I will be traveling to Connecticut to reconnect with amazing women of color and sisters in the movement. We will explore the natural beauty the state has to offer. I also hope to get into local urban parks in the DMV area this week. I love being outside, going on hikes, and feeling connected to nature. One of my favorite things about living on the East Coast is the beauty of a hike in between the woods, surrounded by the peaceful sound of creeks and trees. I hope to enjoy that this week and beyond as much as I can. 

To me celebrating Latino Conservation Week also means continuing to advocate for climate justice solutions that will help to protect the environment for our communities and generations to come. With record-breaking heat waves, fires, flooding, and other natural disasters, it is imperative that we work with communities to create climate resiliency and fight for climate justice.

Q: How can we as individuals support your work and the efforts of our fellow Latino/a/x leaders?

My advice is to get involved locally! We have a unique opportunity for bold federal climate solutions that are imperative to protecting our environment and communities. If you are in Maryland, Colorado, Nevada, Arizona, Florida, or Texas, get involved and support the efforts of our Chispa chapters. You can also support our work by calling your decision-makers at the federal level and demanding climate action. Follow us on social media @ChispaLCV for more information on how to get involved. 

Following, supporting, and amplifying the work of Latinx leaders can also further bring awareness and show that we are strong leaders in this movement.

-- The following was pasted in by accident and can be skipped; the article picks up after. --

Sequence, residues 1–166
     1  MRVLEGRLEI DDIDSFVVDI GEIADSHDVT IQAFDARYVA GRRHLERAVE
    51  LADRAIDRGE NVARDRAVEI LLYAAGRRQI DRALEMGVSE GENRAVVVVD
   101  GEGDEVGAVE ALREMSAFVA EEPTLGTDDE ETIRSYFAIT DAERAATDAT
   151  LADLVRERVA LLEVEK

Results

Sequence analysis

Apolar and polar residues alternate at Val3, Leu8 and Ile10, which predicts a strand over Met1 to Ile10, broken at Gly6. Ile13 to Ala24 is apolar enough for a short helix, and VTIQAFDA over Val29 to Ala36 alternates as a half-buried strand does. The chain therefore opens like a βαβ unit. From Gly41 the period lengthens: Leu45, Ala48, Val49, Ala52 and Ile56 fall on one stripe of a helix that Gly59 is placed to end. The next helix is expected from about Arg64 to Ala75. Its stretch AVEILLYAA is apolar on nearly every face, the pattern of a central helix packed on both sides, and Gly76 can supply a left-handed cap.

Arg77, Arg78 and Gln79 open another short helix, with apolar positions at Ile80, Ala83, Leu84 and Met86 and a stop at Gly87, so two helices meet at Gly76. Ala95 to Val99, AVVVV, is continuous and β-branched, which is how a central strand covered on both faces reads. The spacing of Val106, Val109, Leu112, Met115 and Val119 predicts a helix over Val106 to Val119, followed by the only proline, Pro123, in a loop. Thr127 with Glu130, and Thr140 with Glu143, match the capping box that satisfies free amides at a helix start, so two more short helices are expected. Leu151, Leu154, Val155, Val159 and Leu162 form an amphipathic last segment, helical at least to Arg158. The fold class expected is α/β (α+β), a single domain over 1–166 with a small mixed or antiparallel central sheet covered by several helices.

Q: Any advice for fellow Latino/a/x who are new to climate and environmental conservation, or to those who would like to help act on climate and related injustices?

My advice for my fellow Latino/a/x who are in this space is to be mindful of burnout and to practice self-care above all. We work in a field where everything can feel urgent and that can take a toll on us. Finding the things that inspire you and that restore your energy is only going to help you recharge your passion for this work. 

Also, as a woman of color in a white-led environmental space, sometimes navigating those dynamics can be a challenge. In my time at LCV, I have worked to build community with other people of color, and especially women of color to create spaces of learning and sharing and it has made such a difference in my life and professional growth. My advice is to find those spaces. You can learn so much from each other as peers. 

Q: What was the last motivational or wellness-related news you read that may be useful to others luchando – fighting – for power and Madre Tierra?

The Cartwright School District in Arizona recently got their first electric school buses. This is something that Chispa AZ and the local mamas and young people had been working on for years. I found it to be so motivational to me – to  see this happening reminded me of how important it is to invest in long-term community organizing and what we, with the power of comunidades, can achieve. 

For more information about Johana Vicente, follow Johana on Twitter @johana_iguana.

To learn more about Chispa LCV, visit and follow on Twitter @ChispaLCV.